Ballooning is a popular travel strategy among young spiderlings and small-bodied adults. The technique is simple: A wayward arachnid uses silk strands to catch the wind and ride its currents over vast distances. (Frequent fliers may also be taking advantage of earth’s electromagnetic fields [PDF].) In southeastern Australia, mass migrations of hang gliding spider babies are a common sight. Sometimes, it looks as though the sky is raining spiders.

6. The giant huntsman spider is the size of a dinner plate.

First discovered in Laos in 2001, the giant huntsman spider doesn’t build webs; instead, like other huntsman spider species, it actively tracks down the insects it dines upon. From leg tip to leg tip, the giant huntsman measures 12 inches across, giving it the longest leg span of any modern spider. So does that make it the world’s biggest spider overall? Well, that depends on what measurement you’re using. For all its leggy prowess, the giant huntsman is outweighed by the Goliath birdeater tarantula, a 6-ounce juggernaut thought to be the heaviest spider alive today. But while the tarantula is beefier, it’s got a slightly smaller leg span.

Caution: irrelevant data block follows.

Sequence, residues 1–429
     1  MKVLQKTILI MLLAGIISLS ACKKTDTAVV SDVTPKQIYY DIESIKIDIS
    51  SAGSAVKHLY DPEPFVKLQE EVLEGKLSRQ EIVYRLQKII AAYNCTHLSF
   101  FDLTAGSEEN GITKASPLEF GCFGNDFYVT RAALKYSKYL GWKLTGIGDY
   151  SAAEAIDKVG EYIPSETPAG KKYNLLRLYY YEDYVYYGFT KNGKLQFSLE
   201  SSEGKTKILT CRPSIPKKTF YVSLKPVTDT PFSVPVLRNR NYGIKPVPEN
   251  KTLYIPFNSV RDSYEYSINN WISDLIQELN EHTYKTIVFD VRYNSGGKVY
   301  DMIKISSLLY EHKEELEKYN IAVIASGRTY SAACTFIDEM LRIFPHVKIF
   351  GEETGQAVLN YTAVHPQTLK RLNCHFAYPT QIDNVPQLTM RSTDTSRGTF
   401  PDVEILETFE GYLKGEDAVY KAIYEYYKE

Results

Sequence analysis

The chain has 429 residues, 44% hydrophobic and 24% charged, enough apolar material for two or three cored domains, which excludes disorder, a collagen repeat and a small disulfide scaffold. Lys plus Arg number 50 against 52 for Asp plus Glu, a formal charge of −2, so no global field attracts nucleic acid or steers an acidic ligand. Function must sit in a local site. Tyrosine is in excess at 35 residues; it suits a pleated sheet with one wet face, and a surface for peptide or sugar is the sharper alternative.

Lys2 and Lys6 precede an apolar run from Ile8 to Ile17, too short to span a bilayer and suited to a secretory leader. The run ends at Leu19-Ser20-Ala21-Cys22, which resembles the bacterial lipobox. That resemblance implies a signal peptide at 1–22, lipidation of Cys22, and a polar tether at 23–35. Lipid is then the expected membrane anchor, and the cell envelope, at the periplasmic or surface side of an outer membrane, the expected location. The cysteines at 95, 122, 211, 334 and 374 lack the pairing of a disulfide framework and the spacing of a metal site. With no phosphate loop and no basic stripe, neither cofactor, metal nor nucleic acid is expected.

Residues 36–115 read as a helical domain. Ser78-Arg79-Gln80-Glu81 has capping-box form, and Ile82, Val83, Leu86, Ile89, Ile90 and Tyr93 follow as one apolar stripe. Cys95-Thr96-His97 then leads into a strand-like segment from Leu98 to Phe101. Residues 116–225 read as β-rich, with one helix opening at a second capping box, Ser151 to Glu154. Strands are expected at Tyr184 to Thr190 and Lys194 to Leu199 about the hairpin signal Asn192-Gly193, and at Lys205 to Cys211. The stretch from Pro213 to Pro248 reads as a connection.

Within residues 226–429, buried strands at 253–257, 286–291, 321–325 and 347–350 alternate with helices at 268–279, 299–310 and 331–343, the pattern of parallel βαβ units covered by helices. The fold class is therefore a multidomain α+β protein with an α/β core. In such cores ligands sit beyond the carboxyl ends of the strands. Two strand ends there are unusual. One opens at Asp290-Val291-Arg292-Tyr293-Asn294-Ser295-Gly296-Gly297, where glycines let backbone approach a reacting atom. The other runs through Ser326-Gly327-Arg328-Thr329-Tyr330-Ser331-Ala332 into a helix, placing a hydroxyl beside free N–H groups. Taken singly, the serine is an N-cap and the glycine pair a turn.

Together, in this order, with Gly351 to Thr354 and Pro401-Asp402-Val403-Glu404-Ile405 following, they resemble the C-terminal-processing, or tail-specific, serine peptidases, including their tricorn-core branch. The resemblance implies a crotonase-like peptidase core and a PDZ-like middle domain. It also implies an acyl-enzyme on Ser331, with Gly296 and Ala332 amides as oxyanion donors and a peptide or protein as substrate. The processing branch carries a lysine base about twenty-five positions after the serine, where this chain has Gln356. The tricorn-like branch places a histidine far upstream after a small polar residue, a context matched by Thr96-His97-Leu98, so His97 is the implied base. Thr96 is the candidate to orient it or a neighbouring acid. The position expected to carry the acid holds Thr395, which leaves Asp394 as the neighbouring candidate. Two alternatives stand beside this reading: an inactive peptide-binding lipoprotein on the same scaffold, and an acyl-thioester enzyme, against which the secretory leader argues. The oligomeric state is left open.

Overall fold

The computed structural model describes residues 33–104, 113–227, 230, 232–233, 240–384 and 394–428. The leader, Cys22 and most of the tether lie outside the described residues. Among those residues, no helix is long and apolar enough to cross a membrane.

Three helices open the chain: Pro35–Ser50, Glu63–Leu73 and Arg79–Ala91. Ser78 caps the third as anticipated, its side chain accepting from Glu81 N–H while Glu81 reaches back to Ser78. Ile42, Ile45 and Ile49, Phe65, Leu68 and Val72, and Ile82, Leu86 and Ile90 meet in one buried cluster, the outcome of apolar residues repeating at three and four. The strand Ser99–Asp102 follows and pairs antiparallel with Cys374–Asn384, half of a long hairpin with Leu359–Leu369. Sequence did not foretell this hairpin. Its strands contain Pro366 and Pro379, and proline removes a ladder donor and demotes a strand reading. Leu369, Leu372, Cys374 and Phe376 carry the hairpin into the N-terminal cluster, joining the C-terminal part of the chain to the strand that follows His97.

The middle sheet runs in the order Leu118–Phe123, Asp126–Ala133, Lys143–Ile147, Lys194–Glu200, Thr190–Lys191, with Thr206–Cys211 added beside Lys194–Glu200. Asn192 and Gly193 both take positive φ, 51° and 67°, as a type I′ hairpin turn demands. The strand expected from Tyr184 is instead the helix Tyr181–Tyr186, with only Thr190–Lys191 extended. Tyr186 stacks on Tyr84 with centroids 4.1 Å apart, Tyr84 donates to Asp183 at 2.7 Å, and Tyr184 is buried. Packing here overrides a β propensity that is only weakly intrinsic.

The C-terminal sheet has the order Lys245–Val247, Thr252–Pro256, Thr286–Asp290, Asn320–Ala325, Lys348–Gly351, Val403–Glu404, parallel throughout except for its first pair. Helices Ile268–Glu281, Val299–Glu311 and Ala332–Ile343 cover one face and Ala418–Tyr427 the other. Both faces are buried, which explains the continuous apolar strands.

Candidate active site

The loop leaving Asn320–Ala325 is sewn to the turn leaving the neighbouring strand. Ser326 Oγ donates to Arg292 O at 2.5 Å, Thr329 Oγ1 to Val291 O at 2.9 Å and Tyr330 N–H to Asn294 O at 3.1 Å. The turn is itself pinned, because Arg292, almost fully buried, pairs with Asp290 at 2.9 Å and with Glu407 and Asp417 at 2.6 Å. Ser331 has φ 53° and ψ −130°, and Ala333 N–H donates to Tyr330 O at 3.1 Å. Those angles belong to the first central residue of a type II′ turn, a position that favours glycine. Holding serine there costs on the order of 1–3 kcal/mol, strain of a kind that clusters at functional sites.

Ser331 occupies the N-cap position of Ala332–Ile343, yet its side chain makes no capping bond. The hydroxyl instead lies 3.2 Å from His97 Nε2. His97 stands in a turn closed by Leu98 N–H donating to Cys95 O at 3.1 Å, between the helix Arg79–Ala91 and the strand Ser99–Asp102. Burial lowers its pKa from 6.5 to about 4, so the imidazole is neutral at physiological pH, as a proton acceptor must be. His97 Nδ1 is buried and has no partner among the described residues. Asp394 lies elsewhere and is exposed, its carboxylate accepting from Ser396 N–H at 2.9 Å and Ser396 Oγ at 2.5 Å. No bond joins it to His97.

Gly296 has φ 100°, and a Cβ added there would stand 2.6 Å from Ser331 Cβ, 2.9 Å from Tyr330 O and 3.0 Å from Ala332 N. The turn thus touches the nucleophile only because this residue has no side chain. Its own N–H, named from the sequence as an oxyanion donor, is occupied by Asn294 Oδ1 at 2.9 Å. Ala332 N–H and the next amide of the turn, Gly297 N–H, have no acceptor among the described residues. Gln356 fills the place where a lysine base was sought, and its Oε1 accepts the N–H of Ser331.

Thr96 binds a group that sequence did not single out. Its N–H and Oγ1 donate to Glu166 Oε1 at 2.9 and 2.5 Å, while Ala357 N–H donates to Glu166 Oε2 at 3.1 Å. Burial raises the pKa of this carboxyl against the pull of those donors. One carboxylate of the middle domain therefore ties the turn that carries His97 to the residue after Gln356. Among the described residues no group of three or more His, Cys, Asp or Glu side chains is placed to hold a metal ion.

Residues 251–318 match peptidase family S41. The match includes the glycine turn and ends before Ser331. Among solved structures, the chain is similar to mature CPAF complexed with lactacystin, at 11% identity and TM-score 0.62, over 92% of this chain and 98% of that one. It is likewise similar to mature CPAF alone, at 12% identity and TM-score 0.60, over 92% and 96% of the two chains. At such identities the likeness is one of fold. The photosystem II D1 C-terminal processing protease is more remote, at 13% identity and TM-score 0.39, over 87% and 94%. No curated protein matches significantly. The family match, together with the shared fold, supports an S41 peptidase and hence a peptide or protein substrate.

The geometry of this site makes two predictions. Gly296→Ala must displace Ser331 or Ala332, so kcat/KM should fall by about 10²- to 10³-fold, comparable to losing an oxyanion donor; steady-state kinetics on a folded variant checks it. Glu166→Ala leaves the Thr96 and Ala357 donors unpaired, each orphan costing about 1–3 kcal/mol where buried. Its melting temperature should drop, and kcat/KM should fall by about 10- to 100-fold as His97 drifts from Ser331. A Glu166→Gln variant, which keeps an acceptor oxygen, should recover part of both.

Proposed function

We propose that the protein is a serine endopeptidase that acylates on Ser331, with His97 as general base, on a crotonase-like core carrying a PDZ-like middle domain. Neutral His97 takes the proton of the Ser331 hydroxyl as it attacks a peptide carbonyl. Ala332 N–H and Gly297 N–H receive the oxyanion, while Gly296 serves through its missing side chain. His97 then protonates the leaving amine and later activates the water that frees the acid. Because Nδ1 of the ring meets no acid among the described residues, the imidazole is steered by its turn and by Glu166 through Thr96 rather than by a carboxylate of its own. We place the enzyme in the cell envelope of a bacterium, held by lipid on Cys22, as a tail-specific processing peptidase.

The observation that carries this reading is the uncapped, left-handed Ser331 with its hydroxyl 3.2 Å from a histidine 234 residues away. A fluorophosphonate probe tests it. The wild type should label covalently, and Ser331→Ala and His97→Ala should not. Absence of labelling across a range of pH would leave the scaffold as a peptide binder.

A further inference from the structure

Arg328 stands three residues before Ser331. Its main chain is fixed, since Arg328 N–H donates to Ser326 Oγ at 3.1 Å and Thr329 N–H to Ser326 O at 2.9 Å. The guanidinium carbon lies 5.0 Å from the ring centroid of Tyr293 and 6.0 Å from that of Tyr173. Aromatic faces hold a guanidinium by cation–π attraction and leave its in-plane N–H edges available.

7. Male nursery web spiders trade gifts for sex.

A nursery web spider crawls across a leaf.
iStock/Chris_Soucy

Male nursery web spiders (Pisaura mirabilis) approach potential mates with dead insects “gift-wrapped” in silk. That wrapping material is loaded with male pheromones, but female spiders seem to be totally unphased by the amorous chemicals, according to a March 2018 study. Instead, they focus on the food itself. Approaching females empty-handed is a risky proposition: Males who fail to offer gifts are six times more likely to get eaten by their would-be mating partners.

8. “Sea spiders” aren't really spiders.

A sea spider
iStock/RibeirodosSantos

Not every so-called "spider" is an arachnid. Despite their common name, sea spiders aren’t considered true spiders; they belong to a different class called Pycnogonida. Found in every ocean, the spineless creatures suck up food through a hose-like apparatus and crawl around on eight to 12 segmented legs. The biggest species have incredible leg spans of over 28 inches. Just how they might relate to the spider family tree is unclear, though—because the delicate animals are rarely preserved as fossils, scientists aren't quite sure of their origins [PDF]. While some research suggests that they are chelicerates, belonging to the same subphylum as spiders and horseshoe crabs, others believe they may have evolved separately.

9. Indoor plumbing may have led to a decrease in black widow bites.